DIY

DIY: Chair Recovered (from boredom)

Saturday, March 14th, 2009
Meet my boring dining room chair. Decent queen anne style, nice quality cushion, drab fabric. I just couldn’t take it anymore. Remedy? New glam fabric, nailhead trim, and decorative pillow.
Ingredients for makeover: fabric cut to size, staple gun, screwdriver, nailhead trim, decorative pillow.


Every DIYer needs a few power tools. I rob Mr. CG’s stash in the garage. I’ve got a crush on this power cordless screwdriver for its muscle and speed.


Remove cushion. Center seat on sturdy flat surface on the fabric pattern. Staple once at top, bottom, and sides, then work your way around with the staple gun positioning fabric just right. Corners are tough so reduce speed of stapling as you go around the bend.

Reattach new seat cushion. Add nailhead trim. (I used a french natural nailhead trim kit that includes 10 yards of nailheads. Easy to use because you only hammer every 5th nailhead.) Don’t forget to use rubber mallet to hammer in nailheads.


Add decorative pillow. Here’s my instant makeover in about one hour.

Queen Anne is much improved after the royal treatment, don’t you think?

Here are some other nailhead trim chairs available out there:

Ballard Designs Louis chair, $559

Overstocks ‘Montgomery’ dining chair with nailhead trim, $520


Salisbury & Manus ‘Louise’ Chair, $850 without fabric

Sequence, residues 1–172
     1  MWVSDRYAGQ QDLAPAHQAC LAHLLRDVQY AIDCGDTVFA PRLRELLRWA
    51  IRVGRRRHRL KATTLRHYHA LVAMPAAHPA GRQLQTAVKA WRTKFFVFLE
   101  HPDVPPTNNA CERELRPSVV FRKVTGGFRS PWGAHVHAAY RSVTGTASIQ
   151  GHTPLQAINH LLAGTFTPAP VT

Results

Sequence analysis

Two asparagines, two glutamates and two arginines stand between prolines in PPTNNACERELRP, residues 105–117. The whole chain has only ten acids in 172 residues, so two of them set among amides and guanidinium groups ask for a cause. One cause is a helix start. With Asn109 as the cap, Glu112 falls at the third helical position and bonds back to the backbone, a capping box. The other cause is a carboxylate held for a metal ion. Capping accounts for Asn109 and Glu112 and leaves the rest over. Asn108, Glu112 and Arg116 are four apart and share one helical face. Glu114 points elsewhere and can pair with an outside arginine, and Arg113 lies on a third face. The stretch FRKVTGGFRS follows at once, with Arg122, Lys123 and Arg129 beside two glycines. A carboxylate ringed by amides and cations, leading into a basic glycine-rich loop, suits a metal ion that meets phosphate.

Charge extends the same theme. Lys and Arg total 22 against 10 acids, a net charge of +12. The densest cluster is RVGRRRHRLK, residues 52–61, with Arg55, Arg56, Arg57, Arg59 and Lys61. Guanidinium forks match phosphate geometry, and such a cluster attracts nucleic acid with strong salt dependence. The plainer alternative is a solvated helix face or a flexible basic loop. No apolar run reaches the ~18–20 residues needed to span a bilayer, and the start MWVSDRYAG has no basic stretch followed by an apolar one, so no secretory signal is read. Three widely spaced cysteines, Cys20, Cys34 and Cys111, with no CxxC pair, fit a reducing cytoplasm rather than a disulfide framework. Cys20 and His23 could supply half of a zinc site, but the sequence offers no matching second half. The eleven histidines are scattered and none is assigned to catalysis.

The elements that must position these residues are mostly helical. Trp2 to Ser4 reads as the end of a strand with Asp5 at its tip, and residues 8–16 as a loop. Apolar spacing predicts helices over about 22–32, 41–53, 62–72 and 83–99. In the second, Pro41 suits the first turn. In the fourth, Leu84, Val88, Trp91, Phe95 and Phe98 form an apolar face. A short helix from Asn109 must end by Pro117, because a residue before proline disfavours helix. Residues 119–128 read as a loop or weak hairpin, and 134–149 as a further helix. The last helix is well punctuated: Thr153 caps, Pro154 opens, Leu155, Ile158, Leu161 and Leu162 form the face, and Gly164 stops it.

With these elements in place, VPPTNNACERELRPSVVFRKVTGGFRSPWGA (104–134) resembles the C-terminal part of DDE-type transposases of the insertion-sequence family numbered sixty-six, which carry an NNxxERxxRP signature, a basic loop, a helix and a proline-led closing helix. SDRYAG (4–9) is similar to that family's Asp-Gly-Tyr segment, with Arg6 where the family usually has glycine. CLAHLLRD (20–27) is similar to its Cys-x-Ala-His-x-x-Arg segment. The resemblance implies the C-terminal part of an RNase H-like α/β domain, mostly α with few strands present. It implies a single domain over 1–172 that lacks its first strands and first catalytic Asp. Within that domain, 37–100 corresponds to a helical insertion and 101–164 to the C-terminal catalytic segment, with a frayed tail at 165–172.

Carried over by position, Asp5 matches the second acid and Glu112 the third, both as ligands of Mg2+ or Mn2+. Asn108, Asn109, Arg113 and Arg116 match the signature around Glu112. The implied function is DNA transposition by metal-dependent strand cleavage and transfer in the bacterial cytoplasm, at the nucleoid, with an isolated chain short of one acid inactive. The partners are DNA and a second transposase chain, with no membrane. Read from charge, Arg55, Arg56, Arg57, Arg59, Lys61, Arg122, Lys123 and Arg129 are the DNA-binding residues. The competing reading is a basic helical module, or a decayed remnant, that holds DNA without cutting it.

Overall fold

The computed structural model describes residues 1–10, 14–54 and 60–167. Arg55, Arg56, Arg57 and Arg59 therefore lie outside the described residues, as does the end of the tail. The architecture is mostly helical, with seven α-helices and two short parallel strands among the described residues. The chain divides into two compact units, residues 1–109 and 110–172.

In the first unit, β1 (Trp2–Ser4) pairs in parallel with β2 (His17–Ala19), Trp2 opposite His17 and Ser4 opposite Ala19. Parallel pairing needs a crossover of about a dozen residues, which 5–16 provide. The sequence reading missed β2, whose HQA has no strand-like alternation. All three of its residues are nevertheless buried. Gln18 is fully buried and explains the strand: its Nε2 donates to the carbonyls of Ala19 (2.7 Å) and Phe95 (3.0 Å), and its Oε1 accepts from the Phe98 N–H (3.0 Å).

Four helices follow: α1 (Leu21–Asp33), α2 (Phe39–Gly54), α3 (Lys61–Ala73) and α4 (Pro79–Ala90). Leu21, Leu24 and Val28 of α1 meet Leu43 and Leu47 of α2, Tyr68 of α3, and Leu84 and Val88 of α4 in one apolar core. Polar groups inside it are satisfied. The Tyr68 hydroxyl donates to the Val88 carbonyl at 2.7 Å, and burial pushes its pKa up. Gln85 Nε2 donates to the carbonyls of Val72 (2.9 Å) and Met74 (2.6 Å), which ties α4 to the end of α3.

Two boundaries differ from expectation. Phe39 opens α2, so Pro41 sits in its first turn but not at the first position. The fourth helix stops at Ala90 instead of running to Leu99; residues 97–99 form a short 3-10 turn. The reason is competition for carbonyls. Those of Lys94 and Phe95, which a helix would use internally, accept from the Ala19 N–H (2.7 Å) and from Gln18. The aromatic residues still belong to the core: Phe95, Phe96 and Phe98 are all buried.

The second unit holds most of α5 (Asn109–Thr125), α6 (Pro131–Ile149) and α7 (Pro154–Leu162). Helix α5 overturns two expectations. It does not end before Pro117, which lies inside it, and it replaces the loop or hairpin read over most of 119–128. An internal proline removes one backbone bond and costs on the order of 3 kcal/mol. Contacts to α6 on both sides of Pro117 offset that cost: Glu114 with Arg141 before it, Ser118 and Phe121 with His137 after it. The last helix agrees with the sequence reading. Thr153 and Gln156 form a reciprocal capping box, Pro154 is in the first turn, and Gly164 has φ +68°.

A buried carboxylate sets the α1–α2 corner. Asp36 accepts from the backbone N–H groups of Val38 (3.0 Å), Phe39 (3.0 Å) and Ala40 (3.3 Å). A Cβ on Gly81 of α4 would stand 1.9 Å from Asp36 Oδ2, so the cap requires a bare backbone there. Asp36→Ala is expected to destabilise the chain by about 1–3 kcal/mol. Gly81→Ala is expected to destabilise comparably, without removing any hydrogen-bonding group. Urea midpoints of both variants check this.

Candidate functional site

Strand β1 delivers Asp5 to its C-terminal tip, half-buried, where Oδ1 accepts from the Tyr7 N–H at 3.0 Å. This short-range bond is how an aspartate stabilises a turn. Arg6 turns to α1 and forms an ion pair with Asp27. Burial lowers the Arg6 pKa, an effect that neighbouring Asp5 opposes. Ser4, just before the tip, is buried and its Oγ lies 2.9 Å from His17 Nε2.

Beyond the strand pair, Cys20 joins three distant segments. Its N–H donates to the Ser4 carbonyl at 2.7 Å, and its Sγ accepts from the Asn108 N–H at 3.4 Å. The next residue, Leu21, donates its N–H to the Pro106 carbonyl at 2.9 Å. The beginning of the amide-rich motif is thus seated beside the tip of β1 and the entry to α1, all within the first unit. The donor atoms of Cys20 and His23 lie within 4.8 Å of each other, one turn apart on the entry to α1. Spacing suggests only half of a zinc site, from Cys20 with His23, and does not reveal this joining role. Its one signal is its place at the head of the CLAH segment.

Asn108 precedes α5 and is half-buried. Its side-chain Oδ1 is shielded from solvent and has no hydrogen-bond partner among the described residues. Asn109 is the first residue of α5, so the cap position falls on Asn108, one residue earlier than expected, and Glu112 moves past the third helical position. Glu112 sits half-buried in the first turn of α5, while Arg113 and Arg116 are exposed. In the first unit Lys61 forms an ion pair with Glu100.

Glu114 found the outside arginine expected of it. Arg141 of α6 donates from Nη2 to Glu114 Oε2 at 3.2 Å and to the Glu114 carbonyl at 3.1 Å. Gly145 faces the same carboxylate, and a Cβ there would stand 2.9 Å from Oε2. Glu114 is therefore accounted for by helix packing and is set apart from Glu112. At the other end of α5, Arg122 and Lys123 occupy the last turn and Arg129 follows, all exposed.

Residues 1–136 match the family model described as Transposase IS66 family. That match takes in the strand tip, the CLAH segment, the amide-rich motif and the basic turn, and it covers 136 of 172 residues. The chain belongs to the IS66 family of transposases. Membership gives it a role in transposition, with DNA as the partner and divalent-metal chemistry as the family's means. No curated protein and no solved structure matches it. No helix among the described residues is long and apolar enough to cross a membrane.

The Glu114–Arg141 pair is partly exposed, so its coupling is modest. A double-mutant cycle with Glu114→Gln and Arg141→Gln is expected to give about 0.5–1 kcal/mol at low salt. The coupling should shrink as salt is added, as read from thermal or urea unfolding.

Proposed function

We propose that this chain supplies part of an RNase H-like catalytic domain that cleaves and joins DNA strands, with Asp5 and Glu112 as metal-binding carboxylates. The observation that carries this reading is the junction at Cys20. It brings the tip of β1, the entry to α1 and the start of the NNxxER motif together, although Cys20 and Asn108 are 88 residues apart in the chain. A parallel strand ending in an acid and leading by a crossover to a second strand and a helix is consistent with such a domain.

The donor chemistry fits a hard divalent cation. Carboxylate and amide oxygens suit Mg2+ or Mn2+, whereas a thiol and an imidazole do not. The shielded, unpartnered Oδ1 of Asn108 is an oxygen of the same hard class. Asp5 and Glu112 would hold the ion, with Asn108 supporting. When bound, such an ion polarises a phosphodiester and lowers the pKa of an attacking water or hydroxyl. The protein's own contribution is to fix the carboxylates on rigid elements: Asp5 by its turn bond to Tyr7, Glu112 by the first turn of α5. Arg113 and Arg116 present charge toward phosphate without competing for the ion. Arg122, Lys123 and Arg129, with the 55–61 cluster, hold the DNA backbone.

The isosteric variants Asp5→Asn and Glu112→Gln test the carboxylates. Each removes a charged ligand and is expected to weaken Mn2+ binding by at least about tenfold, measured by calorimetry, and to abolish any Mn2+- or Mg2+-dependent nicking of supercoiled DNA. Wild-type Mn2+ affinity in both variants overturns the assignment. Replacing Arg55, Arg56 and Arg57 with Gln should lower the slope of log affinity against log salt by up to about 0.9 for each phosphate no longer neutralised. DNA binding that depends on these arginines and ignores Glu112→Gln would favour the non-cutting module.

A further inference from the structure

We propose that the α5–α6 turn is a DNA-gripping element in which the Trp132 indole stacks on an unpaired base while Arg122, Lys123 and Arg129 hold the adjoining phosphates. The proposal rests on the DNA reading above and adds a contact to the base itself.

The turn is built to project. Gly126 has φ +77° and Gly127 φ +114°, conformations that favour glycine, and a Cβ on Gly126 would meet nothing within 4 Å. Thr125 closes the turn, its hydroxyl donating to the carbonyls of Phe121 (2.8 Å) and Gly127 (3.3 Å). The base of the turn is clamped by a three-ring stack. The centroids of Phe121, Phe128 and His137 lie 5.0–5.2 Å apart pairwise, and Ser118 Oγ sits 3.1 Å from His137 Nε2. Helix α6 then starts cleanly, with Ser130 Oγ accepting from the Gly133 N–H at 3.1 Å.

Carrington Court leather dining chair, $300

St. Germain chair by Ralph Lauren Home, $1,725

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Albemarle Dining Chair by Tomlinson/Erwin Lambeth, $2,725

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DIY: Salvaged Dresser

Monday, March 9th, 2009

I was at the Goodwill store with my sister-in-law the other day and she spotted a very abused dresser. She very much wanted a dresser for my nephews who share a room, and she was particularly fond of the “piratey” hardware. Unfortunately, it looked like a hunk of junk.

Centsational Aunty to the rescue! I promised I could bring it back to life. Daring me, she plunked down the $15 listed on the price tag.  Accepting her dare, I bought the following supplies: MinWax tinted stain in Antique Red ($8), some medium grade sandpaper ($3), and one new pull in chrome for $3 (which I later spray painted ‘antique bronze’ with Rustoleum to match the existing hardware).

First step: Get rid of hideous water marks and stains all over top of dresser. Did you know that mayonnaise takes out water marks on wood? No kidding. I’ve used this trick before when “oops” you leave your water glass on wood and it leaves a stain.  Mayonnaise usually gets it out in just a few hours.  Below, you can see Mini CG helping me in the mayonnaise application.

Second step: Get rid of disgusting burn mark on top of dresser. I gently sanded it out using medium grade sand paper, working with the wood grain, not against it. The picture shows what it looked like before I sanded it. After getting rid of the burn mark, I then gently sanded the rest of the dresser before applying the stain.

Third step: Apply tinted stain to sanded wood top and drawers. Amazing how one coat of Minwax tinted stain completely changed the piece, it was so easy ! I used a sponge, and followed the directions on the can. You can see in the first photo how the stain dramatically changes the raw unhealthy wood into an even smooth surface. The stain transformed the dresser to give it a rustic red stain, perfect for my nephews!

Final step: Apply one coat of polyurethane to top (for protection).  Reattach “piratey” hardware!

 

It’s done!

You can imagine what a dresser like this costs retail!  My 9 year old and 7 year old pirate loving nephews are going to love it ! I can already picture their pirate ship and treasure chest sitting on top. Aarrgggh.

Dresser $15
Tinted stain $8
Sandpaper $3